I guess we’re going to talk about girls with swords today! You may have seen the Bad Take of the Week floating around Book Twitter:

I have the time and the spoons today, so I’m going to try to dig into the complete mess that is this post, because I think it’s more than just a bad take. It’s indicitive of some deep problems in publishing.

It’s a flimsy article. No evidence, just a nonsensical argument that the trend is too much. So at first, I chalked this up to lazy outrage-bait. Nobody has ever lost clicks by pointing to something popular and calling it overused and anti-feminist.

But I think we have a bigger problem here. This article is so incoherently obtuse that it doesn’t justify its own existence. Basically, this can’t be the writer’s real problem.

Let’s look at the article itself. Even in a short post, strikingly little of the article is about the author’s problems with this trend. Most of the post is devoted to explaining why sword-wielding girl knights have been important to the author, even though she’s not generally a fan of action scenes.

In addition to Wonder Woman and Eowyn, Bluemle cites four examples of weapon-wielding YA heroines she’s read and loved. (I would be remiss in not pointing out that these characters, introduced in 1983, 1990, 2008, and 2003 respectively, are also all white, conventionally attractive, able-bodied young women in European-inspired fantasies, but we’ll get back to that later.)

Bluemle clearly understands that sword-wielding girls in YA lit are 1) fun to read and 2) can be important representation. We end up with only a couple sentences explaining what her problem is:

“I think what gives me pause is that, increasingly, we seem to be equating power and strength with weapons, battle, and conquest—which feels a little like giving in to centuries-old male visions of strength and power—power over, strength that requires someone else to fall—rather than celebrating the creative and constructive versions of those qualities, and what they look like in actual women…. It’s just that, in a society already plagued by devastatingly real violence, I find myself yearning for new definitions of what “badass” looks like.”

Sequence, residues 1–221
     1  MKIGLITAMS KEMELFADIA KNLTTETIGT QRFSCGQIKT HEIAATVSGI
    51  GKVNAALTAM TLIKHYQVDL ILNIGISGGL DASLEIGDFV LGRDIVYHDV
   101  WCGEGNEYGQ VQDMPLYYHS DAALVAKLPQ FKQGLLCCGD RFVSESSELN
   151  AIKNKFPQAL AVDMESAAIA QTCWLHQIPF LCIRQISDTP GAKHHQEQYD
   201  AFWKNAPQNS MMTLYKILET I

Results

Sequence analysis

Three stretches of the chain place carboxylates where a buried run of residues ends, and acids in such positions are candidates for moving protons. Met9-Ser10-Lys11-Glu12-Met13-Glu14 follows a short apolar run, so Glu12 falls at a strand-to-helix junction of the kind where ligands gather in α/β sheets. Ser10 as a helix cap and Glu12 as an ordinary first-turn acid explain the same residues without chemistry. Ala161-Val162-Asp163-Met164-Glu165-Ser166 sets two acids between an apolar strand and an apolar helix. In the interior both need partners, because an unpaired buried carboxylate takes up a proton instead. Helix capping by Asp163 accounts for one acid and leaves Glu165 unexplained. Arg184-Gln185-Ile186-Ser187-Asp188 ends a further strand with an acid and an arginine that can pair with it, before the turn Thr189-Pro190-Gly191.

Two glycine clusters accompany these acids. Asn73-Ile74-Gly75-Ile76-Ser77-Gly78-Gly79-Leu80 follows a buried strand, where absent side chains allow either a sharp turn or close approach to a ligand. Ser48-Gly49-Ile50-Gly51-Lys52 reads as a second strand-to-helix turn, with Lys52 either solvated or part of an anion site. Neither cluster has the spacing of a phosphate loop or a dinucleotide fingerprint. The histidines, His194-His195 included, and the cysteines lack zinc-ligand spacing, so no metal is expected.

So what, exactly, are Bluemle’s reservations with girls with weapons on covers? They suggest a violent and dominant (and therefore, inherently masculine) version of power at odds with “creative and constructive” power of “actual women.”

Yikes. So let’s unpack that. This objection only makes sense if you, in the year of our lord 2019, believe:

->Proficiency in combat is the domain of men
->By now, we have “moved beyond” visions of power that involve violence
->Imagery of a girl with a weapon inherently equates strength with conquest (in a way that imagery of a boy with a weapon does not)
->”Actual women” are creative and collaborative, not combative
->Real-world violence means we should have less violence in books
->We don’t have room for different kinds of heroines and different ideas about power

The article wants to simultaneously claim that Katniss and Alanna and Wonder Woman were needed representation… but at some point in the past year or so, we passed the cutoff point where no further representation is needed. Which is bananas coming from a publishing professional in the teen market, where new readers arrive every year–to say nothing of the fact that someone who makes a living in publishing should probably know 1) different books are, you know, different 2) not everybody can identify with Katniss the same way, for pretty obvious reasons.

It’s a completely incoherent argument. Her issue (where are the collaborative, non-violent heroines) has absolutely nothing to do with her observation (there seem to be a lot of girls with weapons on covers lately). It’s a complete nonsequiter.

You want new, diverse “definitions of what badass looks like?” Great! So do I! You could conceivably write an article arguing for more representation of what you think badass could be. In fact, I’d love to read those articles. But they wouldn’t start with a bunch of covers representing something completely different. You don’t prove an absence of X by citing a bunch of examples of Y. You have to start by looking for what you want to see.

Because if you take even a passing glance, it’s obvious that YA is exploding with visions of badass female characters, knife-wielding or not.

Just look at this year. Want a fantasy heroine that resists oppression through community, communication, and love? Try Girls of Paper and Fire. Want a vision of female power that’s about leadership, not violence? Bam. Descendant of the Crane. Want the violence, but have a specific problem with weapons? Wicked Saints is right there.